What experiences in your life make you a GOOD MUSICIAN and WRITER?
Sometimes when I’m on that horse or on that tractor, melodies and musical ideas take shape. But inspiration can take place anywhere, any time. You might be inspired by a phrase someone says, by something you see, by sounds. That’s the great thing about what we do. As for strong musicianship…I still practice a good bit. When I know I have some kind of event coming up…shows, recording, rehearsals, whatever….I usually start at least a week before doing technical exercises, improvising and just getting myself in shape. It is very much like an athlete that has a game coming up, or a contest. You don’t just get out there on the track and run without preparing. Remember the 5 P’s….”Proper preparation prevents poor performance”. I don’t know if that translates well into Italian, but it is a creed I try to live by.

 

How do you describe your contact to people when you are on stage?

First, I have to be sure that I’m doing the best I can do…making sure that I’m on top of my game….as long as that is the case, then I can occasionally look out and find individual connections in the audience…and I like engaging the audience from time to time…get them to sing along, clap their hands, give out a unison shout, whatever. If it is all done right, then the result is that we are all in the game together….all on the same side.

 

Some music styles can be fads but the blues is always with us.  Why do think that is?

Again, the Blues is the basis for rock and jazz. It’s like the foundation of the house….and the blues was built on a solid foundation. It can withstand any kind of storm and will always hold the house together.

 

What is the best advice a bluesman ever gave you?

Don’t ever leave your wallet in the dressing room. And he was right!

 

Which things do you prefer to do in your free time? Happiness is…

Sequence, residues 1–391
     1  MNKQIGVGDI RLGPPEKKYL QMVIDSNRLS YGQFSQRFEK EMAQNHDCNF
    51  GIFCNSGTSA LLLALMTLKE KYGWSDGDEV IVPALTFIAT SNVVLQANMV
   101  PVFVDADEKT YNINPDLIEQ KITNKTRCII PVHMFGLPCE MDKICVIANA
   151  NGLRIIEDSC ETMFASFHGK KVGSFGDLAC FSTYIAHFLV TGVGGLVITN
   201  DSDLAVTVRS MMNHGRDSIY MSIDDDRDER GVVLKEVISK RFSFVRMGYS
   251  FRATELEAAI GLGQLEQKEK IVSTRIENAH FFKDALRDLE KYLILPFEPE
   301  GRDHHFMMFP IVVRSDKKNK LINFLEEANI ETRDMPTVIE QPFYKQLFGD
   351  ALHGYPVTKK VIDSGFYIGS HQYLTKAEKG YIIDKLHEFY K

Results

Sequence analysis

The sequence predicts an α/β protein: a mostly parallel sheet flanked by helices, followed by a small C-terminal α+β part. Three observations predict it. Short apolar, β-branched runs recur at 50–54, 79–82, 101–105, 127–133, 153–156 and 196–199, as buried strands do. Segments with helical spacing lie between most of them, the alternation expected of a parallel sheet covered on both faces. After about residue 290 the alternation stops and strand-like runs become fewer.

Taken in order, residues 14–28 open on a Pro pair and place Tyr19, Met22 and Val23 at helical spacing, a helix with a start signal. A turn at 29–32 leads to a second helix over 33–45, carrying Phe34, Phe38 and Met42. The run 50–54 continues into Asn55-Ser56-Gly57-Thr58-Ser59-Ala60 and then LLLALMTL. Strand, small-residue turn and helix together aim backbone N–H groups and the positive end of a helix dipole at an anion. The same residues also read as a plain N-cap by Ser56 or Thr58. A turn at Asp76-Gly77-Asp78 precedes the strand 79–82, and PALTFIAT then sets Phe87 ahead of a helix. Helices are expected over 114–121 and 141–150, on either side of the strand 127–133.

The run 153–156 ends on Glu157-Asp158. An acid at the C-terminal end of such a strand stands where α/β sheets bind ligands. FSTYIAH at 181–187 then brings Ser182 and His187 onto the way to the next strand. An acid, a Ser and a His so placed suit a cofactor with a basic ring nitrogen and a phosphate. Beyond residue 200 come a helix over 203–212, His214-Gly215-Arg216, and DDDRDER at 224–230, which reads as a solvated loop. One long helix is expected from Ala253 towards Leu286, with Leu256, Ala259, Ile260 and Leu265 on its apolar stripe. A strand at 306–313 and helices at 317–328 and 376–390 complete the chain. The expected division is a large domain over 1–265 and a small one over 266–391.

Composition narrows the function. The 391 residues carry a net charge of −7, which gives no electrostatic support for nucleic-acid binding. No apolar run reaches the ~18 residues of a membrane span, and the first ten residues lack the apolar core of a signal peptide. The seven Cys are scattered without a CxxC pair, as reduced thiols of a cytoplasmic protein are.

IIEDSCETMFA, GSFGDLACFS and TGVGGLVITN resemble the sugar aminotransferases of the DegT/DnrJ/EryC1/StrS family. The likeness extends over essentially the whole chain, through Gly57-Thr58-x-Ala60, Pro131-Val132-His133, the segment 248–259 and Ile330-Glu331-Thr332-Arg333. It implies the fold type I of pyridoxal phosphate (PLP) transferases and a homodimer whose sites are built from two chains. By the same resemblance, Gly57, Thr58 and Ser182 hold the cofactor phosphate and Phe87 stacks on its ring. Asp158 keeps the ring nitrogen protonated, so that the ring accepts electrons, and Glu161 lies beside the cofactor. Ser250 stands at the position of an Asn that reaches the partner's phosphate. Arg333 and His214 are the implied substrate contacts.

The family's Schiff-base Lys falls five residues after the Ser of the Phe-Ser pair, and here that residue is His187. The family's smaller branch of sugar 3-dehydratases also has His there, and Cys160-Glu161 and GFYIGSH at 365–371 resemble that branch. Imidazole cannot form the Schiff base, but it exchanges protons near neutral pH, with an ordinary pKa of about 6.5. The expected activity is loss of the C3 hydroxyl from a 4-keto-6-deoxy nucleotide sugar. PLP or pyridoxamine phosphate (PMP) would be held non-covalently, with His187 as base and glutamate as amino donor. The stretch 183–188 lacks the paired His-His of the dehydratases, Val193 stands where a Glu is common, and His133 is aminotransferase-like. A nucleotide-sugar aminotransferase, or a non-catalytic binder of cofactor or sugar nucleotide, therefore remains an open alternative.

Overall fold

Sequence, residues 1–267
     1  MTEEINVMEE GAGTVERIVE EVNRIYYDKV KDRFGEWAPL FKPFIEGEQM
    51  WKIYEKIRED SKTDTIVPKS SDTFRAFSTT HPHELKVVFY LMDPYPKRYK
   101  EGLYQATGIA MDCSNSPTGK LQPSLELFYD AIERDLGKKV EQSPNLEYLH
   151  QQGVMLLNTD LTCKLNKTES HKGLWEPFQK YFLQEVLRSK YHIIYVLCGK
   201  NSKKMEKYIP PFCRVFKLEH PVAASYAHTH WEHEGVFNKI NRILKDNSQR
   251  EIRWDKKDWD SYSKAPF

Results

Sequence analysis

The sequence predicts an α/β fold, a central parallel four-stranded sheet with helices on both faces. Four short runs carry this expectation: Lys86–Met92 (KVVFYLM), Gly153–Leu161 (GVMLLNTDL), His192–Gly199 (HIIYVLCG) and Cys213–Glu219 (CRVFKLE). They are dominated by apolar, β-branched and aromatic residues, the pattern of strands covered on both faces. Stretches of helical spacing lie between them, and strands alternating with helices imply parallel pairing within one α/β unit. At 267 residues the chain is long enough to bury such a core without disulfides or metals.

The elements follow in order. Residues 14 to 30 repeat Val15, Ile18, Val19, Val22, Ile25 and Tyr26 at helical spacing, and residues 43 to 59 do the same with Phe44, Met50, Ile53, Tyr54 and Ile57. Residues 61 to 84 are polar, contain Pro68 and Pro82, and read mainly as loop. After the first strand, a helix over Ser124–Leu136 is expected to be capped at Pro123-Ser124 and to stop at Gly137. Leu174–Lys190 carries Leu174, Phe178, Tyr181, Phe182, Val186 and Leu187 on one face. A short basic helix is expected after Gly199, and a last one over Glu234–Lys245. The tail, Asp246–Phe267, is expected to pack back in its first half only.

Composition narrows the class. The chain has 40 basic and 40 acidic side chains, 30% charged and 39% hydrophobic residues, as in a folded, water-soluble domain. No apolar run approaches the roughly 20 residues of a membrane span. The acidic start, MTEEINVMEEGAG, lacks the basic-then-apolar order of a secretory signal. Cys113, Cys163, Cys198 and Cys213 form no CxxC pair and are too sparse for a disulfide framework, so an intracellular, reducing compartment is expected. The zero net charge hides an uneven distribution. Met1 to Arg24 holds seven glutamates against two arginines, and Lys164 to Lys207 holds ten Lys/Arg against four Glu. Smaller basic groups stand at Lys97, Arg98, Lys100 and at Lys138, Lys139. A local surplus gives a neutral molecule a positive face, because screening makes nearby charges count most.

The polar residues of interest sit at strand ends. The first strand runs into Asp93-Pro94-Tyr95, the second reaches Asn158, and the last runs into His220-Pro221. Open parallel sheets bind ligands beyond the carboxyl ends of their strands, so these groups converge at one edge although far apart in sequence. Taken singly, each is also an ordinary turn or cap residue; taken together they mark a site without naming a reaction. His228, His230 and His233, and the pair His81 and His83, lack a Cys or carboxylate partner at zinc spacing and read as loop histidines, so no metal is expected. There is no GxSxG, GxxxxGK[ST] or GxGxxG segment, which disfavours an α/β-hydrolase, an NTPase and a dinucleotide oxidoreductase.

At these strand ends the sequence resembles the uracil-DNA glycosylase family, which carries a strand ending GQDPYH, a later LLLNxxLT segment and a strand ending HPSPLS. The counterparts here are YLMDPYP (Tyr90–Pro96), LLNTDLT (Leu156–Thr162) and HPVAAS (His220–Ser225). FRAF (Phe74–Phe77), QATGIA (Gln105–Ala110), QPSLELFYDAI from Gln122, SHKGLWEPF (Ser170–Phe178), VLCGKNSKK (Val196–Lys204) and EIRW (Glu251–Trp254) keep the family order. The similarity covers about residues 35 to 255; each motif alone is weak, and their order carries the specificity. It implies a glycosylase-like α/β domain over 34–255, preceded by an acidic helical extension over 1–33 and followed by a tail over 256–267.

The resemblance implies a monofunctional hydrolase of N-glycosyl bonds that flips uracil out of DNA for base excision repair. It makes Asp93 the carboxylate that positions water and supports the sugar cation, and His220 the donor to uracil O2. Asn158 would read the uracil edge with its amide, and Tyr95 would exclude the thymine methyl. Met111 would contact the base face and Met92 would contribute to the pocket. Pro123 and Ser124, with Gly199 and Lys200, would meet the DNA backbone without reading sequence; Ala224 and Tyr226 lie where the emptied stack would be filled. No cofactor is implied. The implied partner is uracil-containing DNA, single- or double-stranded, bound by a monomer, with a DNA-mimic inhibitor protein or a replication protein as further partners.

I am first and formost passionate about my family...spending time with the family gives me great joy. But I am also passionate about my work in forestry and conservation. A great day for me is being up on my tractor, or doing some kind of physical activity in the woods....pruning trees, clearing roads, planting trees. We have horses, and I love riding them through our woods. It is the best way to tour our land. You are up high so you can see far, and you are traveling very quietly. You see lots of deer, turkey, quail and other wildlife that way.

 

 

You had pretty interesting books. Where did you get that idea? Tell me a few things about your writing progress

The books come because I feel like I have something to say about a certain subject matter, or that I have stories to tell (in the case of my autobiography). My last book, “Growing A Better America” is all about smart growth. Last year we saw the birth of the 7 billionth person on the planet. This constitutes a huge amount of stress and pressure on our natural lands, our natural resources and ourselves. So I wanted to put forth some ideas about how we can handle that stress and pressure…because the truth is that we can’t stop it…but we CAN guide it and find ways to deal with it. Concepts like Biomimicry (the study of nature to find better ways for us to live) and Industrial Symbiosis (the art of using what would otherwise be wasted energy and putting it to good use) are just a couple of the things I write about. As far as the process, I usually do my writing very early in the morning…maybe around 5am for two or three hours…then do other stuff the rest of the day. I enjoy writing and will no doubt continue doing it. I’m working with a writing partner now on an idea bout a book about the “Unsung Heroes of Music”. Doing interviews with musicians that have played a strong role perhaps for a solo artist, or maybe on a particular recording, but that hardly anyone really knows what role they play. I think it is a neat idea and look forward to getting deeper into it.

 

Chuck Leavell’s official website